• Educational requirement: It is important to note at this point that you can get a Student Pilot License, Private Pilot License, and Commercial Pilot License with a High School Degree.
  • English Proficiency: The language of Aviation internationally is English and it is recommended to meet a Level 4 English standard before receiving your Commercial Pilot License - if you are looking to improve your English, you can send us a message and we will give you tips on what courses to take.

 

Step 3. Training Stages

  • Student Pilot License (SPL): Allows you to start your flight training.
  • Private Pilot License (PPL): This license will allow you to fly solo or fly passengers or cargo but without receiving any money for it.
  • Commercial Pilot License (CPL): License will allow you to earn from flying and be a paid professional pilot.
  • Instrument Rating: Being Instrument Rated means that you can fly the aircraft in any weather condition (example low or zero visibility) using just the instruments.
  • Multi-Engine Rating: License which allows you to fly multi-engine aircraft.

If you have any questions so far, please do send us a message or check out all the Flight Schools in Saudi Arabia.

 

Step 4. Career Options

  • Airline Pilot for the large airlines or smaller regional ones
  • Corporate or Business Aviation Pilot
  • Cargo Pilot
  • Charter / Air Taxi Pilot
  • Flight Instructor
  • Medical / Air Ambulance Pilots
  • Agricultural Pilot and many more options

As an Airline Captain you will earn around US$8,000 per month plus benefits (SAR 30,600)!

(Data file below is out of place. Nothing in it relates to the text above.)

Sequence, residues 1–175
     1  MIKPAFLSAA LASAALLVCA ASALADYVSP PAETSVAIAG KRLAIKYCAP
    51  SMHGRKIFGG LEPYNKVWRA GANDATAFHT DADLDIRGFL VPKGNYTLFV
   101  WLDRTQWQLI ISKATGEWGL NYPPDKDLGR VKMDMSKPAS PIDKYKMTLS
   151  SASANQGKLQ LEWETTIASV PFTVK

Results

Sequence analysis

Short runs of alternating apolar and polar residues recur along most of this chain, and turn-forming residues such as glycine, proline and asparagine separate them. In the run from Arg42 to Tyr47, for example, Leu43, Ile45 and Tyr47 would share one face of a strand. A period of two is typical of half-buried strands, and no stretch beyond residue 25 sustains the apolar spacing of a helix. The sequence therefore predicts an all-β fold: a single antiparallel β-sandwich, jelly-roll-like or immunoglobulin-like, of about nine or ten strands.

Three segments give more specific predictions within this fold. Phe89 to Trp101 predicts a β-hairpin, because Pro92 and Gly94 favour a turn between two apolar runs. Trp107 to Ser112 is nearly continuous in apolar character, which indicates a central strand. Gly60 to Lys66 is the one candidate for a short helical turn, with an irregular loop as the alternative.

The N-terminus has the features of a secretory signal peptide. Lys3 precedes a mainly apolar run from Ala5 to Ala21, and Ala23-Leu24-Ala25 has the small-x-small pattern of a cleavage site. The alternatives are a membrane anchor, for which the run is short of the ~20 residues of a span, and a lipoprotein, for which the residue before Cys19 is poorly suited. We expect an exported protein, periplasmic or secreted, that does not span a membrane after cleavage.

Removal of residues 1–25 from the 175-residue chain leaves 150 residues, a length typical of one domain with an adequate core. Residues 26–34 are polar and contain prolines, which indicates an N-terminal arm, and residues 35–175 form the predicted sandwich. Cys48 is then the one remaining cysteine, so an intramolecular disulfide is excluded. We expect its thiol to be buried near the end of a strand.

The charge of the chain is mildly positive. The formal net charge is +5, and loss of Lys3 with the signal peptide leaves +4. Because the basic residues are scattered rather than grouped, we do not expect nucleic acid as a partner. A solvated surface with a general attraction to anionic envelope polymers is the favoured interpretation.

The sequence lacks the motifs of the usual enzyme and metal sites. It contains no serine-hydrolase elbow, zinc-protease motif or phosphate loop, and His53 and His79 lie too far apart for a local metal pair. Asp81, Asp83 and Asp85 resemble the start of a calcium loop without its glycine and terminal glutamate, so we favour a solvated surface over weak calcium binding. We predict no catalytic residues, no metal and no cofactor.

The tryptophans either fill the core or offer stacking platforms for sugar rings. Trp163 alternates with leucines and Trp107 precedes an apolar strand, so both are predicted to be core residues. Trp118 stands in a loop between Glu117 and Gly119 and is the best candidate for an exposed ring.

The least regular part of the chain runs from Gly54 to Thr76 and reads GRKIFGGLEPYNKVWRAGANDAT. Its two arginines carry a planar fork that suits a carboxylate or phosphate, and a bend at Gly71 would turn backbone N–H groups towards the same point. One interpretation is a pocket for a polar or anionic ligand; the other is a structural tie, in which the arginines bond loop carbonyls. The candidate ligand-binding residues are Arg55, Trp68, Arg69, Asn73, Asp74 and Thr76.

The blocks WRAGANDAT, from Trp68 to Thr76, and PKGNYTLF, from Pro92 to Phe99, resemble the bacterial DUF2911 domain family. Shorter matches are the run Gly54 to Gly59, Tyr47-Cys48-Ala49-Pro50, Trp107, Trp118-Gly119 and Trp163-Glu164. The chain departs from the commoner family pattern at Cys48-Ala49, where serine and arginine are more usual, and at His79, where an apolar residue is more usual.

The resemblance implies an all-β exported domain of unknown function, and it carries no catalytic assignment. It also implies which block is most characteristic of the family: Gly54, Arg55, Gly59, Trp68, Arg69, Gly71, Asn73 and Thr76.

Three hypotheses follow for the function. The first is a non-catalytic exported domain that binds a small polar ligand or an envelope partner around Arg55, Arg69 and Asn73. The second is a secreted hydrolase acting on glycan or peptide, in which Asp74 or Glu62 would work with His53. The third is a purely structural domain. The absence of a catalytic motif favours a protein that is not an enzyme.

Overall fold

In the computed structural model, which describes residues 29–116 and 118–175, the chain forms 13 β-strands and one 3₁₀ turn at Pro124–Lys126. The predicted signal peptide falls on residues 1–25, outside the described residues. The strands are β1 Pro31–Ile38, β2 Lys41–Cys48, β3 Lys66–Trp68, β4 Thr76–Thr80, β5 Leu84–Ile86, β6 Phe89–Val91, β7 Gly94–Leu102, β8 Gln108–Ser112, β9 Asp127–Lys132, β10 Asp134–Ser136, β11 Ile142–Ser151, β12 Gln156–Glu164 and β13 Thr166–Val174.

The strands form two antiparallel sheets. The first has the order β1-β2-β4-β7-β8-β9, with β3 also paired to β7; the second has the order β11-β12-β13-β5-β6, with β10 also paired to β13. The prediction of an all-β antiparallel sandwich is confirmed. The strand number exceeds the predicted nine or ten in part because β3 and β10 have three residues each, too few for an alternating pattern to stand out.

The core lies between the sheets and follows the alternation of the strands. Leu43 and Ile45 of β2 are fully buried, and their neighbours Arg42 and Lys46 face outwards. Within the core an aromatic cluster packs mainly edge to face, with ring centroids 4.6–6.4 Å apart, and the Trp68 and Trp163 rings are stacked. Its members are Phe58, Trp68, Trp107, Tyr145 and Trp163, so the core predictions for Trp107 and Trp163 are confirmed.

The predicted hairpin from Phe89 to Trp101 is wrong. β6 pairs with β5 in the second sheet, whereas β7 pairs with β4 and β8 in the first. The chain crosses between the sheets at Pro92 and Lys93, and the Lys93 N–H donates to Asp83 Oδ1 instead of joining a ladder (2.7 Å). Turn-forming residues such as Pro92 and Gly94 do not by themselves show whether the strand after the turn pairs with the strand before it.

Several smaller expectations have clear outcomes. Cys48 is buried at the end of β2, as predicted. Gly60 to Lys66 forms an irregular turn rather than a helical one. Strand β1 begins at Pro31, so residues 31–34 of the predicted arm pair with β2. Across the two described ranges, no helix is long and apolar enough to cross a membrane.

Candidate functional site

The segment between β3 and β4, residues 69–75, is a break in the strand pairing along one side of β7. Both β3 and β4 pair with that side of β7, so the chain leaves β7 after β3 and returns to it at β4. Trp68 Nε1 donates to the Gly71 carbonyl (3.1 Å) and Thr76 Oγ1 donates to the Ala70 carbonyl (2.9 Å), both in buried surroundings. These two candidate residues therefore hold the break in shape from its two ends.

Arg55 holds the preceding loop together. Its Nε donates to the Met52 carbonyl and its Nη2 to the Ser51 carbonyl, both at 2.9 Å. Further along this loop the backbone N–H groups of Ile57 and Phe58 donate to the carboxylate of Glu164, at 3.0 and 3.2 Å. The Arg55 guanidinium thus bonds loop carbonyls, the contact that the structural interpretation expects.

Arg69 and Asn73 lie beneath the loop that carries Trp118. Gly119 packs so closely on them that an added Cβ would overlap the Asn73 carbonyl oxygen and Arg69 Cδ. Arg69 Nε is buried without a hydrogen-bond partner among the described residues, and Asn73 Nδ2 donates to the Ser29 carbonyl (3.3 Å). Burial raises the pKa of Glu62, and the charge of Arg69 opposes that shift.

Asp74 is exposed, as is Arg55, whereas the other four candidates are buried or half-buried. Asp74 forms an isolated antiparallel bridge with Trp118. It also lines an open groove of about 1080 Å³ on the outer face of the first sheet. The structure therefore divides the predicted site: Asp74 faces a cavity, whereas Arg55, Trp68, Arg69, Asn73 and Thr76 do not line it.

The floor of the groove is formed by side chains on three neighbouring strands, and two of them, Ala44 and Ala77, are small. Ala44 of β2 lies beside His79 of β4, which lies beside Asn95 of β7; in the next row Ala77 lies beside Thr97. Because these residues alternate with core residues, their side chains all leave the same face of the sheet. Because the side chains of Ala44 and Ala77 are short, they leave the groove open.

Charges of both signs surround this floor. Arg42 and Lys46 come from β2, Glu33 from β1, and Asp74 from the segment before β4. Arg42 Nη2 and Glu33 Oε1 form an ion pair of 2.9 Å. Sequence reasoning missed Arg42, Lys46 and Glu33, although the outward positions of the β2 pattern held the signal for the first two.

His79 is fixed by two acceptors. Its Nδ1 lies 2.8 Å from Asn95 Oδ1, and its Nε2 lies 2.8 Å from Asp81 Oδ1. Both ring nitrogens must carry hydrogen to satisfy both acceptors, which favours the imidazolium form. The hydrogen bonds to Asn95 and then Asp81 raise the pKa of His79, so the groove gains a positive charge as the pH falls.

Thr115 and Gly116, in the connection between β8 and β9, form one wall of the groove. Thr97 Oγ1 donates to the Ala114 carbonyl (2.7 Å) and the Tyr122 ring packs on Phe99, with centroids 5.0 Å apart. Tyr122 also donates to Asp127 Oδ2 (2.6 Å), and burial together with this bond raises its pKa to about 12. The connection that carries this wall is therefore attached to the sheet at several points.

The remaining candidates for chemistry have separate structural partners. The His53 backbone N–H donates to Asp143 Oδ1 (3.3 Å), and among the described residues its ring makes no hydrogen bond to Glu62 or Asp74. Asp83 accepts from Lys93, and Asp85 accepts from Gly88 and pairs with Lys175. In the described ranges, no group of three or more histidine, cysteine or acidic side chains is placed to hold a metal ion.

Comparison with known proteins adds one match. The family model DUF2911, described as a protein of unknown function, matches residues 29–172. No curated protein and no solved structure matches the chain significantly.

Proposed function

Tips for picking a Flight School

 
  • Decide on your pilot goals - what are your long-term aspirations in aviation? Do you want to become a pilot in your free time (Private Pilot License)? Do you want to fly in General Aviation (Commercial Pilot License)? Do you want to become an airline pilot (airline program)? If you want to become an airline pilot which airlines are hiring? What aircraft are the airlines receiving over the next few years? Which flight schools do the airlines usually hire from? These are critical questions you should list and get answers to when asking yourself "how will I become a Pilot".
 
  • Determine how much you can afford to spend - different schools have different costs (due to location, number of students, aircraft type and a number of other factors), find out the reasons for the price difference. Do programs have financial assistance/loan programs? Might a part time program work for you?
 
  • How much free time do you have - different schools have different training schedules with some offering flexibility while others want the cadets to train full time and on campus (note that delaying flight training usually increases your training cost).
 
  • What equipment does the flight school use - this is important from a training but even more importantly from a safety aspect. Take into consideration as well the equipment preference of airlines which will want new pilots to have trained on certain equipment. Find out what the difference is between training aircraft (both from a training and cost perspective). Aircraft age does not always relate to safety, this is dependent on the aircraft maintenance - ask the flight school in detail about their aircraft maintenance department? Safety features of the aircraft?